MyVoice: Views of our readers 1st February 2020
MyVoice: Views of our readers 1st February 2020
Justice delayed is justice denied
Being a citizen of this country, I feel unhappy that it has been seven years that Nirbhaya's parents have been fighting for justice to their daughter who was brutally raped and murdered by five savages on a moving bus in India's national capital, sending shock waves across the country.
Even though the death penalty was announced by the Supreme Court, due to the convict-centric laws in case of death penalty, it has been getting delayed for years together.
The death penalty should not be delayed, and it should be executed once the mercy petition is rejected. If not, there is a high tendency that the seriousness of the death penalty will be lost and there are chances that many others would commit the crime underestimating the laws of our country.
There is a high intent immediate need to review such laws and scrap them as soon as possible to provide justice to the victims on time considering their trauma and damage caused, and also to safeguard our country against such severe crimes.
Shivani Muthyala, Hyderabad
Ensure speedy trials in rape cases for fast delivery of justice
It is saddening to note that the capital punishment of the four accused in Nirbhaya rape case is getting delayed for various reasons. The criminal justice system is riddled with numerous problems, including itself as a space in which women don't feel safe or aren't confident about accessing.
The system's misogyny is only made apparent when women hesitate to file complaints against sexual violence, and face harassment when they do step into a police station. Survivors are often harassed by police officers at the time of registering FIRs and are sometimes simply denied the opportunity to register on.
Often, at the time of medical examination, survivors are subjected to dehumanising and outdated practices such as the "two-finger" test, even though the Supreme Court has specifically barred this practice and are met with sexually charged insinuations.
Similar problems with the implementation of justice delivery processes and adherence to the law plague those special courts dealing with cases of sexual violence against children.
A study conducted by the Centre for the Child and the Law (CCL) in Bengaluru on the special courts in Delhi under the POCSO Act, 2012, examined adherence to procedure by the special courts.
It noted that questions posed to survivors are sometimes inappropriate for their age and development, that efforts to ensure the identity of the survivor is concealed are not made, that there is a failure to ensure child survivors are not exposed to the accused, that compensation is awarded in a significantly small number of cases and that victim protection and support programs have too many problems to be effective.
In light of these realities, the idea of punishment as justice becomes redundant when survivors continue to face tremendous barriers at every stage towards accessing justice itself.
A commonly proposed method to help survivors achieve a sense of justice is the conduct of speedy trials. However, this is often done without assessing whether our system is equipped to conduct such trials.
The Indian police force is not sufficiently staffed and does not have adequate resources at its disposal to conduct investigations scientifically, and personnel often resort to torture to recover evidence.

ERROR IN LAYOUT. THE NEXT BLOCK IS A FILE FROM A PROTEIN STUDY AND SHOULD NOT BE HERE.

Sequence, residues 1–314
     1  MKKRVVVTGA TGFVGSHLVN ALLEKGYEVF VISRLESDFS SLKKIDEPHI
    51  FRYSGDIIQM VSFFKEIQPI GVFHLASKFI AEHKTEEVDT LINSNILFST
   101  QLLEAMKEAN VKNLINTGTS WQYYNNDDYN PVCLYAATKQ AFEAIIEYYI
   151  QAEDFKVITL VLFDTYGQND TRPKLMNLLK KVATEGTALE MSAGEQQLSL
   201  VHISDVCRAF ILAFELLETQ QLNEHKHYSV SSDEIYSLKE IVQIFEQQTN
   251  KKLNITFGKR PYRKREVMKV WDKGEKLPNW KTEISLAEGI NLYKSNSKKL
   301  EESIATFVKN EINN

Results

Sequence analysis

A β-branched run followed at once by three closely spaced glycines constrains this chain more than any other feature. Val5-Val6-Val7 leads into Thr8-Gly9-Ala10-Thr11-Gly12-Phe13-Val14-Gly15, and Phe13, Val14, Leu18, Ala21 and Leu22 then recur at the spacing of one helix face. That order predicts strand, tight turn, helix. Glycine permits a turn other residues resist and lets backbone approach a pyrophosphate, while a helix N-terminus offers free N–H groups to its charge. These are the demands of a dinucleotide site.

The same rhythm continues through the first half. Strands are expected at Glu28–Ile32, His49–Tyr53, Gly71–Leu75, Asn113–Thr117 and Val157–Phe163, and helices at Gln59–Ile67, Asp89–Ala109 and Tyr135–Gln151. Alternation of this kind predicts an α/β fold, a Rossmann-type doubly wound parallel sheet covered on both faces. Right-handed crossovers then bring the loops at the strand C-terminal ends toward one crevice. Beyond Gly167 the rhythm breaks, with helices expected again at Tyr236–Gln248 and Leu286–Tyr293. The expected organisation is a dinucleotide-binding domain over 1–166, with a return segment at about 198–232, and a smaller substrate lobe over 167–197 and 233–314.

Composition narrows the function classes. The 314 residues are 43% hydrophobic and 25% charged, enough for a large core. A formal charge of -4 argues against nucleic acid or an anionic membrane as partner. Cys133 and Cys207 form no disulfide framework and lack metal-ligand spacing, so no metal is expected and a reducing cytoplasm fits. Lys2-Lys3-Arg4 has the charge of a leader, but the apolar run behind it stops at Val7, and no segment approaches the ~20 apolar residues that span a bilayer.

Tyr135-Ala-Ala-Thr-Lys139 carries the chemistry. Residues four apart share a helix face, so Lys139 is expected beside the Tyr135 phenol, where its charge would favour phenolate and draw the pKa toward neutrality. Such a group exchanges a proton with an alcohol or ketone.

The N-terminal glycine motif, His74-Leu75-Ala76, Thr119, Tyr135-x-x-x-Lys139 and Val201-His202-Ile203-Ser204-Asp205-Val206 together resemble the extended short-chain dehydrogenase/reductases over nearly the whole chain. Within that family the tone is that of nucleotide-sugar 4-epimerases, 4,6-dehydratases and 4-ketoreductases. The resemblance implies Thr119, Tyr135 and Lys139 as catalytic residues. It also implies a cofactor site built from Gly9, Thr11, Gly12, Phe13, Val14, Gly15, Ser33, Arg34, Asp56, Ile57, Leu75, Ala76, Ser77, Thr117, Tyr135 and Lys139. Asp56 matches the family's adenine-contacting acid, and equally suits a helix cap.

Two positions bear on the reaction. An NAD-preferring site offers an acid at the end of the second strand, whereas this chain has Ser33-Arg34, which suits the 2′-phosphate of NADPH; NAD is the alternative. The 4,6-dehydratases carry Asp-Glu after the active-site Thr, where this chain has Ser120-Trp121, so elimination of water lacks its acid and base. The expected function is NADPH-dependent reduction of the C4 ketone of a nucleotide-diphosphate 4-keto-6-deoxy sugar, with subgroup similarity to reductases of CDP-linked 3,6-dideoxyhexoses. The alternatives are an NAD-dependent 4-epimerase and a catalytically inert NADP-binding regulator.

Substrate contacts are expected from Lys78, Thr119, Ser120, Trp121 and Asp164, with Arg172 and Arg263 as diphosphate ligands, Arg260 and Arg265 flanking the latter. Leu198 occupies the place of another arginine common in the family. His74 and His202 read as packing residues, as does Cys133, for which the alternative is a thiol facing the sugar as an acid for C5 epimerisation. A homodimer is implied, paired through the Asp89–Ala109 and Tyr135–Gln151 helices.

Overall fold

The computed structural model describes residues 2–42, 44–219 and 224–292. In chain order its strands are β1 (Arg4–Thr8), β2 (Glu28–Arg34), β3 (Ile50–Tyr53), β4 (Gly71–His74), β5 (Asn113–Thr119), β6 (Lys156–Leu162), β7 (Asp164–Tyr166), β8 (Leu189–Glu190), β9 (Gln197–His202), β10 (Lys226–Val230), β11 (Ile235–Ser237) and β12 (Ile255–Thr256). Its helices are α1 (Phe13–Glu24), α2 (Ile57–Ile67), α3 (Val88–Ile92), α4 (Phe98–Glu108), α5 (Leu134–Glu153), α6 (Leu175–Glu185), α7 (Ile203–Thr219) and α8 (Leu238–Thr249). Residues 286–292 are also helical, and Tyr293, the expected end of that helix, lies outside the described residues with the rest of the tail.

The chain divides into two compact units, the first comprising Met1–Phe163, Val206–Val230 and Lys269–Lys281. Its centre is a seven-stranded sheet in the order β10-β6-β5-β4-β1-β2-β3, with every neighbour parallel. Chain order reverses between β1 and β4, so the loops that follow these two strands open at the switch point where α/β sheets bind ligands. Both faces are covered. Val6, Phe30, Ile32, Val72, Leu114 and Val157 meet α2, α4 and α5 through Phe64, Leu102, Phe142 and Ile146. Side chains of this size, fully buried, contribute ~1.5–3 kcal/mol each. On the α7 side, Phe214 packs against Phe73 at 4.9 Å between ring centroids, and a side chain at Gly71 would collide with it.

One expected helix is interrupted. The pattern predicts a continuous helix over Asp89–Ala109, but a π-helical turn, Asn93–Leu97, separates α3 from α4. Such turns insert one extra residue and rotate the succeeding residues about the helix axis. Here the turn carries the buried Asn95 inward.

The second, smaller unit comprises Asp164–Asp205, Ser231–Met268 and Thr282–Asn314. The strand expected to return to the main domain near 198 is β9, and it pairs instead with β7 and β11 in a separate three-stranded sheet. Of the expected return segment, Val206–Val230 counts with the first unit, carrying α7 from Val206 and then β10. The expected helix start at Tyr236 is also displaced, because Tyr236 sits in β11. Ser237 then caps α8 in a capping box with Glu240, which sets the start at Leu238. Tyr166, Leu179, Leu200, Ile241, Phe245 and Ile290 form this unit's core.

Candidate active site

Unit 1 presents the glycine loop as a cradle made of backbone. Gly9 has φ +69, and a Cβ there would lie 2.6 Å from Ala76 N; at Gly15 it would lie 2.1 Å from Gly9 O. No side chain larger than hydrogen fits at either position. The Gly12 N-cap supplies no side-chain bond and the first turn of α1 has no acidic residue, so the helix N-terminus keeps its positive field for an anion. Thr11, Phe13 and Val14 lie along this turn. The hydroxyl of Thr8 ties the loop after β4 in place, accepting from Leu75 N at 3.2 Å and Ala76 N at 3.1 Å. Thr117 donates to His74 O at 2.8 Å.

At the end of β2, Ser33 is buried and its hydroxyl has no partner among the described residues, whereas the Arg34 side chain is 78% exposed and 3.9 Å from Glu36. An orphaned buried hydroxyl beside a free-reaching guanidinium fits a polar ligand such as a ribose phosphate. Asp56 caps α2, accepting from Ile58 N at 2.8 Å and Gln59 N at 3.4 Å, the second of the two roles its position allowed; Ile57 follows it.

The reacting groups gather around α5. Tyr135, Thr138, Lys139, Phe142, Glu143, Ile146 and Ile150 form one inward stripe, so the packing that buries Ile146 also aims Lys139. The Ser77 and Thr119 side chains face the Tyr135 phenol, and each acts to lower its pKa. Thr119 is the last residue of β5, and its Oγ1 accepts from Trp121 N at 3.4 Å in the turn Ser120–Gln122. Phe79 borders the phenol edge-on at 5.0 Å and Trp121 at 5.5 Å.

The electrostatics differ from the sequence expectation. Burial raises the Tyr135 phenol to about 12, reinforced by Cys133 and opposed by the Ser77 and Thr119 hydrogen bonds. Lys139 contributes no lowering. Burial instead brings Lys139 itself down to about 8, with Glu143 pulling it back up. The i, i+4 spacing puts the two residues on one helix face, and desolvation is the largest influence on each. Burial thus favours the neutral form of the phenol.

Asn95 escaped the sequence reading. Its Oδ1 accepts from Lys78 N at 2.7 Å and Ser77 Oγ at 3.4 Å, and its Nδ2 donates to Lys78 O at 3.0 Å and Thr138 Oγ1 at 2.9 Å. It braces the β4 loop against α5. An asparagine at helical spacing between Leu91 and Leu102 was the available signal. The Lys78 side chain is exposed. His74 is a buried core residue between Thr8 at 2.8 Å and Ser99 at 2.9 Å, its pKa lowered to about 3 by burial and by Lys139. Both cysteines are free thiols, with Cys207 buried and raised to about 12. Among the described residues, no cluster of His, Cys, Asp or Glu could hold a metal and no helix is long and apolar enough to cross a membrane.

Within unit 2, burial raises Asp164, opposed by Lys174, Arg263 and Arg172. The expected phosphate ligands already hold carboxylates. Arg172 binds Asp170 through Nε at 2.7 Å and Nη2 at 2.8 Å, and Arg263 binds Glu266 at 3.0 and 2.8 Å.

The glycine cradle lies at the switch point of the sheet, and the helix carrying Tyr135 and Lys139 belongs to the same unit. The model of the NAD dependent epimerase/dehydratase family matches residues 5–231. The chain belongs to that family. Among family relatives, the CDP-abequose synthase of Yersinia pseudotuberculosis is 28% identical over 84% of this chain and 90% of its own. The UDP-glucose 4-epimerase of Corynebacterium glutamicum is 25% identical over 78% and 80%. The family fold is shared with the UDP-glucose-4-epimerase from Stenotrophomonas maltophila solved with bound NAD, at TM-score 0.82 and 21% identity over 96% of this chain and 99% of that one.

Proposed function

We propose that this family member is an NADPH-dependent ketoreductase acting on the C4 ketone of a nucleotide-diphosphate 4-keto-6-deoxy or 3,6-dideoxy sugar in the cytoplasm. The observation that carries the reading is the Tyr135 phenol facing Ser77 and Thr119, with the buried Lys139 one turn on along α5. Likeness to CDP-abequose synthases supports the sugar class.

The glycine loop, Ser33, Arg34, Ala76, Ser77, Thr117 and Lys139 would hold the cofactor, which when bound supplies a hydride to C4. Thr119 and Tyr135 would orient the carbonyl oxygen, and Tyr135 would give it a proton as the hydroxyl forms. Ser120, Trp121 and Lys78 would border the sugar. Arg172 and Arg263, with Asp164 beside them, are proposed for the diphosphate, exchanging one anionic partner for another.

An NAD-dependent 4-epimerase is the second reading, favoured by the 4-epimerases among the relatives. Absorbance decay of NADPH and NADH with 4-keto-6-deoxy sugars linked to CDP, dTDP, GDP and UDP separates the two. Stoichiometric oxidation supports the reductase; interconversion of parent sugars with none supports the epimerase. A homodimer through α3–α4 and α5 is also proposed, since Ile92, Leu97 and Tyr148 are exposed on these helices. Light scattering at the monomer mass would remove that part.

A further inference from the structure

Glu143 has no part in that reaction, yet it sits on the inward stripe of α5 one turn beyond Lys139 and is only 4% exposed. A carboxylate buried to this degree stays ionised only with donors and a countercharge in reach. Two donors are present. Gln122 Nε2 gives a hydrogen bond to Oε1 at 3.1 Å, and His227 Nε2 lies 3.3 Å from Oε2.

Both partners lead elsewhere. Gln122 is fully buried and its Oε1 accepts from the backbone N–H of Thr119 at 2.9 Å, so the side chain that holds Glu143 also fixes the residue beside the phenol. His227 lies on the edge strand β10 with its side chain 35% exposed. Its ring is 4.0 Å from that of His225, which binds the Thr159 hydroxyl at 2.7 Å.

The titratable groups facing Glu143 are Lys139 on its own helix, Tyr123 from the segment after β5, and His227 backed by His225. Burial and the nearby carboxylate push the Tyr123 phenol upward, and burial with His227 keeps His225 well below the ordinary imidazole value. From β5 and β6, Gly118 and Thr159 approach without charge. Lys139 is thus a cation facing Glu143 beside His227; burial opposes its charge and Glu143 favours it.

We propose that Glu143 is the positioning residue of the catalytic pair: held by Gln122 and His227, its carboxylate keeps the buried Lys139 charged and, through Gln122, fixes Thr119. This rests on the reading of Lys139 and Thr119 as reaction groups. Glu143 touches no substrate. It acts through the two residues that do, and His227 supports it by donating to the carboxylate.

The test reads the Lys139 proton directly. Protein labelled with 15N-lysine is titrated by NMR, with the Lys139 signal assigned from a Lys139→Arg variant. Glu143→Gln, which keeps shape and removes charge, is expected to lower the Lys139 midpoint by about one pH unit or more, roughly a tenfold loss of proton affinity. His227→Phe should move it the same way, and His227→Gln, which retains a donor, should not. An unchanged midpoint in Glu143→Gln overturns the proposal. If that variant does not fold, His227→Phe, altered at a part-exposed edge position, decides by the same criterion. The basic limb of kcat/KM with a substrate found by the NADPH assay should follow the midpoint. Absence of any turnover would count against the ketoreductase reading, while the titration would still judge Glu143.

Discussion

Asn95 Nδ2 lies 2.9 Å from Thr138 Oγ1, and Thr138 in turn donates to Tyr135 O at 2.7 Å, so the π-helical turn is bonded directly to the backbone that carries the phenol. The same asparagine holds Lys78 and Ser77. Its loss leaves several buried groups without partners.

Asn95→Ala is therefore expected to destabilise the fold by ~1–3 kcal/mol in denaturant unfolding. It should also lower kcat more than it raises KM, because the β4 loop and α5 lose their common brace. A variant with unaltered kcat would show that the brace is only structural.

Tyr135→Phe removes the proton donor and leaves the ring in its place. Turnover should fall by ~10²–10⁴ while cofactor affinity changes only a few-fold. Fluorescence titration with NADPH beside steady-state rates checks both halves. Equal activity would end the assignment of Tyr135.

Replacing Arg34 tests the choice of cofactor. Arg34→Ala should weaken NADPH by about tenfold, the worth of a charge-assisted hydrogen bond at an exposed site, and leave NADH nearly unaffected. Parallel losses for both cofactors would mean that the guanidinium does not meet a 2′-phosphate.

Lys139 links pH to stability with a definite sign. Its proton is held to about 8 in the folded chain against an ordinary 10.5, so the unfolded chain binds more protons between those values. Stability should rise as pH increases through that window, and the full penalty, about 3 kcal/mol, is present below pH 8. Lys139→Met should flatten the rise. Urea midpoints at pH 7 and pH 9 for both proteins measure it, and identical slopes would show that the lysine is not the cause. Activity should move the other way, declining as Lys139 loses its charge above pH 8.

The push for speedy investigations in such a scenario puts undue pressure on an already overburdened system and sets the criminal justice system up for injustice.
Gayathri Manohar, Hyderabad
The Mahatma's healing touch
This is with reference to your editorial 'It's high time understood Mahatma deeper' (Jan 31). He would have concerned himself with the trauma that followed Partition which even he could not avert.
Gandhi's healing touch would have been crucial in settling the millions of refugees and simultaneously addressing the question of Hindu-Muslim amity, the proper resolution of which at that point of time would have perhaps avoided the latter-day conflicts within the country and without.
Being incapable of hatred, Gandhi alone had the moral authority and stature to negotiate this vexed problem at a time when the passions were raw. He would have perhaps worked steadfastly to reforming Hinduism from within, as Swami Vivekananda and others had sought to do earlier.
Pre-Independence, he waged a relentless battle against the evil of untouchability. Regarding it as a greatest blot on Hinduism which "has sinned in giving sanction to untouchability," he had once said, "If it is proved to me that this is an essential part of Hinduism, I for one would declare myself an open rebel against Hinduism itself."
While untouchability has been abolished by law, it may still take time for it to be erased entirely from the psyche of many an individual. I would love to guess, based on Gandhi's belief that pure Hinduism brooks no inequality, that he would have started working against oppressive casteism, widely prevalent even today, the brunt of which is borne by a very large segment of our population.
Local self-government associated with decentralised planning would have been the cornerstone of our development model. In our anxiety for centralised planning — which was indeed necessary at that phase of our development — the ideas of Panchayati Raj were largely neglected.
Even decades after constitutional amendments, progress in this front has been painfully slow. Issues of poor health and sanitation, low levels of literacy, high infant mortality, degradation of environment, and subordination of women, especially in villages, could have been much better addressed through local self-governance.
This has largely been an area of darkness which Gandhi would have illuminated.
Ramcharan Mettu, Khammam